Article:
5. Transcript part 2: He says he prefers to play a Star Trek video game plugged into people all over the world, and his point, I guess, is that if we build up relationships from the ground, the future may be kinder. That is nice, but optimistic. Does he actually encourage disengagement from reality? “I don’t encourage disengagement for the sake of disengagement,” he says. “But I’d encourage people to remind themselves what it is to have fun with others that has nothing to do with tribal mentality.” The problem with this positive vagueness is that Muse songs have a tendency to be co-opted by those they disagree with. Bellamy is a “left-leaning libertarian”, but a few years ago his strident anthem Uprising was picked up by the right-wing political pundit Glenn Beck for his own neocon purposes. Get Up and Fight could go the same way, despite being about Bellamy’s uncle’s cancer, but that is always a risk when a pop star challenges political thinking, yet doesn’t pin their colours to any actual political mast. Couldn’t he be more specific? “I would never affiliate myself with any particular group,” Bellamy replies, as expected. “Fundamentally, I am against party politics. The concept of a party is a hijack of democracy.” What is the alternative? “Exactly. Do I have the alternative? I don’t know.” And from there he launches into a sort of economic wish list for Britain: how we must think of politics three-dimensionally; the Nolan Chart; oscillations; meta-modernism; abolition of the Lords; how “the concept of nature should be state-owned, activated via land value taxation”. Agree or not, you just don’t get this from the Kooks. Does he vote? “Yes, but I vote for the underdogs,” he says, smiling. “I’ll give you a clue — I tend to vote in the environmental direction.” Dom Howard is dressed in scruffy black, with a semi-directional haircut. He is the sort of rock star who physically points when making a point, which is rather David Brent, but he’s a man clearly living his best life, and that enthusiasm is quite infectious. I ask if he ever understands what his old friend Bellamy is going on about. “I’ve got no idea!” he says, and I’m not sure how much he’s joking — but they are close, having grown up together in the weirdest job possible. “What’s changed?” Howard asks of their move from the album Showbiz to actual showbiz. “We were naive, introverted kids. Self-conscious, figuring stuff out. We took everything too seriously and, in hindsight, life’s too short. We went into the second album needing to be a bit more elaborate, and since we opened that door, well...” He laughs. Their most recent album included one 10-minute song with a co-writing credit for Edward Elgar. “I was in a darker space back then,” Bellamy says of their breakthrough. “Then I went through some violent, quick changes — because, during the touring of the second album, I had to meet strangers all the time, and people would tell you they hate you or love you. You have to find yourself in that somehow, and confront thousands of people expecting you to be great all the time on stage. It was sink or swim and I managed to stay afloat, basically.” Live, Muse are loud, terrific and undeniable: three men and a lot of special effects wowing stadiums worldwide. When I saw them in 2007, at the new Wembley, it was a blast, and the show has only got more complex since. Bellamy says there is something addictive about trying new things, and that is why Muse in 2018 are nothing like the moping indie heroes — Sonic Youth, Ned’s Atomic Dustbin, the Wedding Present — they worshipped in 1998. When, I ask, was the turning point to this extremity? “It was gradual,” he says. Wembley, he argues, was absurd to them, then they got hooked on finding the limit. They originally aimed for sweaty clubs and sweaty vibes, but once you’ve pranced around a stadium in an LED suit on building-sized bright pillars, it’s hard to go back to playing Plymouth Uni. It seems funny, perhaps, when Bellamy tells me that he stays hidden in the background on family occasions, and that he never really wanted to be a rock star, but Devon didn’t have many singers, so he had little choice. What’s left to do? He shakes his head at the idea of the absolutely unexpected: an acoustic record. “I’d love to play the Egyptian pyramids, though,” he says. “That would be interesting.”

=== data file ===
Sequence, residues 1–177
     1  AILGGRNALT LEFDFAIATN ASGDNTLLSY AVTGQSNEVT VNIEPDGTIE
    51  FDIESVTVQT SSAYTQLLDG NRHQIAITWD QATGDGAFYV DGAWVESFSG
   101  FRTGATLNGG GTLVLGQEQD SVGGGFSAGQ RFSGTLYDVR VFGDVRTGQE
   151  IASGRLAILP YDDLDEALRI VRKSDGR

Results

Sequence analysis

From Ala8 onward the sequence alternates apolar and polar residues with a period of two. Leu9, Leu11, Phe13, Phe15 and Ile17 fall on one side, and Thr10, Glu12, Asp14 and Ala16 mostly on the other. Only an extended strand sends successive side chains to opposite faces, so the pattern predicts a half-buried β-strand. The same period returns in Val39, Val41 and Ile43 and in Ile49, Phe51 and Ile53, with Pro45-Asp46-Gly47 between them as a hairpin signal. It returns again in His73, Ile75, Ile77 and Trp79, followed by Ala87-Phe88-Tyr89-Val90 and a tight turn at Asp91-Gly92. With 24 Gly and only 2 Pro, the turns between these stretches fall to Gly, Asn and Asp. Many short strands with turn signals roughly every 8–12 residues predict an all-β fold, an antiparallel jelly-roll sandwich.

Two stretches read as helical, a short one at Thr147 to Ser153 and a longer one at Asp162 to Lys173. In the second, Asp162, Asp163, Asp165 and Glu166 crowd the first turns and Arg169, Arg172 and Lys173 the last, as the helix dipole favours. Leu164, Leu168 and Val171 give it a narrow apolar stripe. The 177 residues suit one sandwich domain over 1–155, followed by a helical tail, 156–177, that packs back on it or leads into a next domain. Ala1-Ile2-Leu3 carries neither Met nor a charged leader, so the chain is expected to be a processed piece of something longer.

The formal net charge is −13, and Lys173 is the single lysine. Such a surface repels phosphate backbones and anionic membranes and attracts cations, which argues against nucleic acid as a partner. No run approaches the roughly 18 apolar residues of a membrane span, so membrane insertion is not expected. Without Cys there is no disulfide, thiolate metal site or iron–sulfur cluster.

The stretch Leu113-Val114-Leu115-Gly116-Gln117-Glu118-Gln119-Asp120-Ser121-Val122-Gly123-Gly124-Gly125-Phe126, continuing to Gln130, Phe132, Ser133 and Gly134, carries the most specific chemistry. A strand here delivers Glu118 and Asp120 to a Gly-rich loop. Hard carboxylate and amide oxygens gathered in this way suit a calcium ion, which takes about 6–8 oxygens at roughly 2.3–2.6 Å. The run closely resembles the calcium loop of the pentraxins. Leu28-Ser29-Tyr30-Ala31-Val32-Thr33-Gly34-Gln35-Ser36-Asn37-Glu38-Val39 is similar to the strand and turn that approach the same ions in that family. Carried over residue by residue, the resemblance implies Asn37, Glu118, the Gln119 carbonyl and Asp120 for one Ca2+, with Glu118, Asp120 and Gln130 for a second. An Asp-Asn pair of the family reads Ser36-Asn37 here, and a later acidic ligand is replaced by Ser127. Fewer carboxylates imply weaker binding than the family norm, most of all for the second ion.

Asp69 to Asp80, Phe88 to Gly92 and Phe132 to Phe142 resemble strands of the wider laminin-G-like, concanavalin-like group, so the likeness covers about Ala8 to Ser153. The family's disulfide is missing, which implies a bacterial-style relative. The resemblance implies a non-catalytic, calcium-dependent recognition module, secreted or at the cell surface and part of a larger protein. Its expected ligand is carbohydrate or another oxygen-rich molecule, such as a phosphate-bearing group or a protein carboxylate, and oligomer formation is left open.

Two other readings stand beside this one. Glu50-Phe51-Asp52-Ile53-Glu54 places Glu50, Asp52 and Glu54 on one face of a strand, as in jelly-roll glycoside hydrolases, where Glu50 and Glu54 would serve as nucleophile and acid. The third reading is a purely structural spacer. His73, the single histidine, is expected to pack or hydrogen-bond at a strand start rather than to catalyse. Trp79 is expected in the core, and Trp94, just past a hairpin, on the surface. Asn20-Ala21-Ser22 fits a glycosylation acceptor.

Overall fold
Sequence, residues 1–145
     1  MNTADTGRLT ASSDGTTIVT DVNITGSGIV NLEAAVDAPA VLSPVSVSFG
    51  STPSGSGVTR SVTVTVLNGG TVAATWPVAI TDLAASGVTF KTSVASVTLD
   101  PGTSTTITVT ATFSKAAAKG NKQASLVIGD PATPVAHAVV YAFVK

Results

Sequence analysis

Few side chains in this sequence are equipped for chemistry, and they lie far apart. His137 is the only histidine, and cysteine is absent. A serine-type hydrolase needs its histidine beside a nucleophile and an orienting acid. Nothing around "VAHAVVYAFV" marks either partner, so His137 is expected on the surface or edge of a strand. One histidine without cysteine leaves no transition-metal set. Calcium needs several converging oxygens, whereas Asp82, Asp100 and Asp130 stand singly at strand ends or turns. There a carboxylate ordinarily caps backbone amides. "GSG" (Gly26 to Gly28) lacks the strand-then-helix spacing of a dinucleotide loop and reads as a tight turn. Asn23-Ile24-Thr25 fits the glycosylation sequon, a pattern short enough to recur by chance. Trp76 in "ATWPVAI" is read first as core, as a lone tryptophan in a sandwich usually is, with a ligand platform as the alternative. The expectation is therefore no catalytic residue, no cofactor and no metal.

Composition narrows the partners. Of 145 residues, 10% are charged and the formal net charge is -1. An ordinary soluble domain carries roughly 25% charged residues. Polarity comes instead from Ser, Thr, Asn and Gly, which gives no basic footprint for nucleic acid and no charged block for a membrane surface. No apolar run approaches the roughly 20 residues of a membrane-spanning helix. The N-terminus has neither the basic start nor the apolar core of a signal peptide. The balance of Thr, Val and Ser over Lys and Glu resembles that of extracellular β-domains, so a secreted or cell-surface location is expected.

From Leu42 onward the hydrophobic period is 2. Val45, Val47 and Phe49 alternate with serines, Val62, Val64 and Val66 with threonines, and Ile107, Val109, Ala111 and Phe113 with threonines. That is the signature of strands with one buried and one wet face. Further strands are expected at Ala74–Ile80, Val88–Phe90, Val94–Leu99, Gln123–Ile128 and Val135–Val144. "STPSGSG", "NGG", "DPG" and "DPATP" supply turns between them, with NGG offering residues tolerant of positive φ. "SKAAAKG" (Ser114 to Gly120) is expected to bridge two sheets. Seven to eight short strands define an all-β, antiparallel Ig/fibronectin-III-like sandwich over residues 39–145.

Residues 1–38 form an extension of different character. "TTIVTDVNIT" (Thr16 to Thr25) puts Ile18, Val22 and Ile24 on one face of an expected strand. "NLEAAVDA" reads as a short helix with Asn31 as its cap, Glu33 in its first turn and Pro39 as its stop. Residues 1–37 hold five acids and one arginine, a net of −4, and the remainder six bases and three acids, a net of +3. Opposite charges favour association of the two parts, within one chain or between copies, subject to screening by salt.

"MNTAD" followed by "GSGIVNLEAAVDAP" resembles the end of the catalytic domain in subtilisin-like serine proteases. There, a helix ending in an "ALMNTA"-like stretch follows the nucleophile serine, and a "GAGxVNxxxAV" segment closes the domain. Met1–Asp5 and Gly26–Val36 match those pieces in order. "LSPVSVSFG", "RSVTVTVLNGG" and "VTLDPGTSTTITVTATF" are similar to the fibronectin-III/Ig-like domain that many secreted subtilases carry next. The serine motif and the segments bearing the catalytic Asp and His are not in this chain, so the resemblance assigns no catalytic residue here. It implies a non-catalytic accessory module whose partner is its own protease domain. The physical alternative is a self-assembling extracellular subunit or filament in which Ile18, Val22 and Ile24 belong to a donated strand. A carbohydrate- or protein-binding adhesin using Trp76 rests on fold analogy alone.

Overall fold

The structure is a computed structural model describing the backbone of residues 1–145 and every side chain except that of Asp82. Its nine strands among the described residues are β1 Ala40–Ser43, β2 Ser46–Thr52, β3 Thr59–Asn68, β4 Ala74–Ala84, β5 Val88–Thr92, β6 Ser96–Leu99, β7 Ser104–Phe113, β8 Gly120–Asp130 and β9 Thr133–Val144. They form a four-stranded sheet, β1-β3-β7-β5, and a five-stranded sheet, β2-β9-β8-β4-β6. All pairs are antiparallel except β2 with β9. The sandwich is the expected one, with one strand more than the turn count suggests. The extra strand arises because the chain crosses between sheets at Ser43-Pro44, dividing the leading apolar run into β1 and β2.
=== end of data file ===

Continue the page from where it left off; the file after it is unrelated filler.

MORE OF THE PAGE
6. Transcript: Twenty-odd years ago, when Muse emerged, their songs were concise — four minutes of hard indie rock with a big chorus. There was nothing to scare the horses in the excellent Plug in Baby or Time Is Running Out, but then in rode Knights of Cydonia (Bohemian Rhapsody for Morricone nuts) and a three-part symphony called Exogenesis — not to mention gigs with drones — and things got ridiculous. “I can generally say,” says Matt Bellamy, their lead singer, who talks at a reckless pace, “that whenever we go to an operatic sphere and the lyrics get conspiratorial, spacey — well, that stuff gets slagged off.” Does he enjoy that, given that his music is about testing boundaries? “Nobody enjoys being slagged off,” he says, baffled to be asked. “But we have a complicated relationship with both our detractors and hardcore fans. Even they hate certain stuff. This love-and-hate thing is just something we’ve learnt to accept.” I wonder if he and his bandmates, Chris Wolstenholme (bass) and Dom Howard (drums), who met at school in Devon, go into each album and guess which songs people will say “Oh, they’ve really done a Muse there” about. Bellamy laughs. A short, thin man in a red and black biker jacket, he is great company. Honest and humorous about his outlandish rock band (Spinal Tap for Radiohead fans), he has a pleasing self-awareness, despite being the sort of bloke you imagine will be hugely disappointed to go through his entire life without meeting an alien. Muse’s new album, their eighth, is Simulation Theory. It is the simplest they have sounded for 15 years, with tracks such as Get Up and Fight and The Dark Side recalling the immediacy of their first records, a rush almost entirely absent on their 2015 outing, Drones. One song is military disco rock, another a lot like Prince. They are still the world’s least subtle band, with lyrics largely about humans as cogs, but this was a conscious effort, Howard says, to “trim fluff”, and the results only embellish the idea that Muse don’t so much fit into a genre as are one. It’s impressive to have that heft two decades in. In an interview for their debut album, Showbiz, Bellamy said the substance of his lyrics — anguish, mostly — came from dealing with the death of relatives and his parents’ split. What, then, I ask this 40-year-old millionaire rock-star dad of one who lives in LA, is the substance behind Simulation Theory? “It’s almost a wonderful lack of substance!” he says, bursting out laughing and continuing to cackle. At one point in the interview, he turns down a second cup of coffee because “I’ll get all jittery”. Bloody hell. Anyway, the “lack of substance” line was only half a joke, given that, during the making of Simulation Theory, he not only bought a VR headset to play games with, but went to Nevada’s festival of nudity and niceness, Burning Man, four times. “It’s the feeling,” he continues, far more seriously, “of reacting to the political landscape and realising I don’t really want to know about the world any more. It’s about wanting to escape. It’s a desire to find the fun and the point in my own brain when I was a child, and things just seemed wonderful and easy.” What in particular is he trying to retreat from? “The inability to find common ground,” he says. “When you switch on the news, you see people arguing all the time, and it’s a turn-off. People are retreating from engaging because it’s unpleasant. One of the political statements on the album is the fact that wanting to disengage with debate is becoming more attractive than engaging with debate.”